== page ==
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Lebanon’s government needs to grow up

April 2, 2008 @ No Comments
Lebanon’s government needs to grow up

By Ghassan Karam,
Special to Ya Libnan

There comes a time in the life of individuals when they pass that very specific stage in life when they are no longer treated as juveniles but as adults who are responsible for the consequences of their acts.

The same is true for nations. Nationhood is a privilege that carries with it immense responsibilities the least of which is the ability to govern and demonstrate a strong commitment to law and order. Unfortunately the current Lebanese government has failed, thus far, to demonstrate that it ought to be treated as an adult.

Some facts are incontrovertible and are clear to all. The Syrian presence in Lebanon has been costly in human, economic, political and social terms. Actually, an argument can be made that Syrian hegemony has robbed the Lebanese state of 30 years of development and has thus contributed to the existence of the dysfunctional state that Lebanon does not feel capable of overcoming. But such an argument must be deemed to be faulty.

The logic for the inability to recognize right from wrong is similar to offering those brought up in poverty and trying circumstances a justification for doing the wrong thing. The reverse should be true. Those that were exploited and those that were taken advantage of must rise above the temptation to get even and have a special obligation to do the right thing. It is easy to take revenge and it is easy to demand a pound of flesh but what is needed is the ability to transcend these primeval, base and sinister motivations. What is needed is the ability to grow up, act responsibly and take a stand for what is just and what is right.

Pan Arabism is your father’s ideology, and to expect a toothless Arab League summit to muster the resolve to come up with a solution to what is essentially an internal affair is an exercise in futility. How can we possibly expect outsiders who do not understand the dynamics of the domestic Lebanese crisis to come up with a lasting solution is laughable and boggles the mind. How can we expect autocratic authoritarian regimes to come up with democratic solutions? Do these leaders understand what a democracy is and do they have an interest in nurturing one? Of course not.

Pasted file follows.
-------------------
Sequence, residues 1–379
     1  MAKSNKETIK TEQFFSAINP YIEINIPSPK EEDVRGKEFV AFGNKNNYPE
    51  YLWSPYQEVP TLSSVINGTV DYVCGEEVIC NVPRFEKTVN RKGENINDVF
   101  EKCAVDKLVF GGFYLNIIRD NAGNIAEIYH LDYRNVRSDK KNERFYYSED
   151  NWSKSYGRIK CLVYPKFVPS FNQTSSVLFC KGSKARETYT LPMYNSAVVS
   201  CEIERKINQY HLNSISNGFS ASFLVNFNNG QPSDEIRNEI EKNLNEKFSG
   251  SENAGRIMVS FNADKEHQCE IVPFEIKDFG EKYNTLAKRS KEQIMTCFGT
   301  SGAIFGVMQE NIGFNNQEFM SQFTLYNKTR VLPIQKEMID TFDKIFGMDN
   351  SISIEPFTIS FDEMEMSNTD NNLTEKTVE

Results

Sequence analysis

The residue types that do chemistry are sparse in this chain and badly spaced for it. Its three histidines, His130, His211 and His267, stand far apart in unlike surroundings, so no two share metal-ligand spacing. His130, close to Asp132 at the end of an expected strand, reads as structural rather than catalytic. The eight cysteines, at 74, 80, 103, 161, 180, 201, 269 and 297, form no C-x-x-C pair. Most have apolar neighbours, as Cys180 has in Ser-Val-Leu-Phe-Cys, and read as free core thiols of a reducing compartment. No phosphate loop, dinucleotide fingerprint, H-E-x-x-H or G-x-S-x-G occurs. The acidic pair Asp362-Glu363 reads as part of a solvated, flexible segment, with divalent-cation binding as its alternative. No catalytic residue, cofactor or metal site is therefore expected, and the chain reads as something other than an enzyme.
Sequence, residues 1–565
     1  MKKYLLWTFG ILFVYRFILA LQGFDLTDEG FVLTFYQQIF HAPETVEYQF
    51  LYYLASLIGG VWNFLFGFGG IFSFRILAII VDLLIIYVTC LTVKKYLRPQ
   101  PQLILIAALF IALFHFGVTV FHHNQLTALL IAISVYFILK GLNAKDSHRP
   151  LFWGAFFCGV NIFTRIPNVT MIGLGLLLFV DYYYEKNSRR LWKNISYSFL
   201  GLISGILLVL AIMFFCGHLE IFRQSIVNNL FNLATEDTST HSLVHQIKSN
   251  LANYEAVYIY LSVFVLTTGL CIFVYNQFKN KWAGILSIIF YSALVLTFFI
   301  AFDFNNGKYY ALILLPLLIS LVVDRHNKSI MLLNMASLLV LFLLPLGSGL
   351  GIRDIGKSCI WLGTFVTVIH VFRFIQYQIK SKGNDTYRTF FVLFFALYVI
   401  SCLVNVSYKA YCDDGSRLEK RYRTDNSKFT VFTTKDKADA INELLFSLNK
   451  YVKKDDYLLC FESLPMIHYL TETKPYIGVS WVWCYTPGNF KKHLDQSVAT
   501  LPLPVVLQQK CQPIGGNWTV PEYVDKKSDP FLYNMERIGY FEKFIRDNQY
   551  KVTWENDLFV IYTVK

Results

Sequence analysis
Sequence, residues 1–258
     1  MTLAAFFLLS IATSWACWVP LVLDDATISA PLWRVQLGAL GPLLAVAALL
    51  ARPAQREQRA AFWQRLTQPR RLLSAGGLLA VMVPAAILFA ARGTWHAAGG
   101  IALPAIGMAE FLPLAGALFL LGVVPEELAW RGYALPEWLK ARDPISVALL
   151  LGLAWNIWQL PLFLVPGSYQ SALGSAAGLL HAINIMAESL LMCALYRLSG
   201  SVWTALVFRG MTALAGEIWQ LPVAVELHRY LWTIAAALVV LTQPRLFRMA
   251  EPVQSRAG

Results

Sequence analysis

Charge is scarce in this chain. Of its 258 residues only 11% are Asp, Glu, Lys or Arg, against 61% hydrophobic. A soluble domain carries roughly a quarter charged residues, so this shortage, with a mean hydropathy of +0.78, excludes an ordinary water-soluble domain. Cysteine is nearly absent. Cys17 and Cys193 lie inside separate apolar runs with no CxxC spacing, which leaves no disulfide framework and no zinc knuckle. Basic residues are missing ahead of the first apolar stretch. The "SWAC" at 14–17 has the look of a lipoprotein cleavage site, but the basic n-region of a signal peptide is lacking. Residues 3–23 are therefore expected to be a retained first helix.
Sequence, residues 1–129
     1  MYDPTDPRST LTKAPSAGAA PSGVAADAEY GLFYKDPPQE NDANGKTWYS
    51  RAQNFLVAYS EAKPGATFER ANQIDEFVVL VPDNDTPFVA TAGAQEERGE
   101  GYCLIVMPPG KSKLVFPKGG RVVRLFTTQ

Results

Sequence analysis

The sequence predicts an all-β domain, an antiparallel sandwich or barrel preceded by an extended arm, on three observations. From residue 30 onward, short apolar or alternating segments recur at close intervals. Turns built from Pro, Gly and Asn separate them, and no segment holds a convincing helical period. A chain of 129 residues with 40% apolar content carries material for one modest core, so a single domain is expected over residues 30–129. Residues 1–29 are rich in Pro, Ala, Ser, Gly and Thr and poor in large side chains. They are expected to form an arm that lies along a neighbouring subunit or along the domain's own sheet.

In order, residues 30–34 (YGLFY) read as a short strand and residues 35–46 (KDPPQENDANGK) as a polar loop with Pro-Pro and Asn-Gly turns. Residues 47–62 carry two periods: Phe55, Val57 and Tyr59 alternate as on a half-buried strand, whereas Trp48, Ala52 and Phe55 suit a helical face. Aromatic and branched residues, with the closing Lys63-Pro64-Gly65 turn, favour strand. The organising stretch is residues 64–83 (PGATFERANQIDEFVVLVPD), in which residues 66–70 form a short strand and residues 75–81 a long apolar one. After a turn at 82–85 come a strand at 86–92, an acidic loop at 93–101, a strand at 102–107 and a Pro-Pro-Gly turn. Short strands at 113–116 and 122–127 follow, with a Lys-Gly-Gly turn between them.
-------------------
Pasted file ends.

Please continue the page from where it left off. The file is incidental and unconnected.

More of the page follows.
We have said this before but it must be said again. The only way to offer a permanent solution to the Lebanese crisis is to have it homegrown and truthful. The Lebanese state cannot withstand half-solutions and meaningless gestures any longer. It is time that we face the hard reality that sectarianism is the problem and that one cannot pretend to be on the side of law and order and yet act against the letter and the spirit of the law.

berri - speaks- house.jpgGeneral Suleiman might be a very capable individual and a committed patriot but he is prevented by the constitution from seeking the office of the presidency. March 14 and others should just cast their votes for someone else. But in order to hold presidential parliamentary deliberations the Chamber of Deputies must be in session and no individual, not even Mr. Berri, should be allowed to hold a nation hostage. He must be removed from office. Mr. Berri does not seem to understand the simple fact that the Chamber of Deputies is a separate branch of government than the cabinet. Even if he is right that the Cabinet is illegitimate then he is obligated to correct that error through parliamentary discussions in an open Chamber of Deputies instead of one whose doors he has ordered padlocked.

The process of presidential elections must be opened to all Lebanese irrespective of sect, gender, national origin or sexual orientation and obviously the presidential elections must not be predicated on the allocation of ministers in the new cabinet or on who the PM designate is to be. And last but not least Hezbollah must not become a party to a project that it opposes. Their place is in the opposition until such time that they can muster enough votes to form the government. All what is needed to resolve the Lebanese impasse is a group of politicians that believe in democracy, trust the people and have the courage to be guided by what is good for the country. If we fail to deal with the above then the long term prospects for a country called Lebanon are dim at best.

Ghassan Karam welcomes your correspondence at

Source: Ya Libnan

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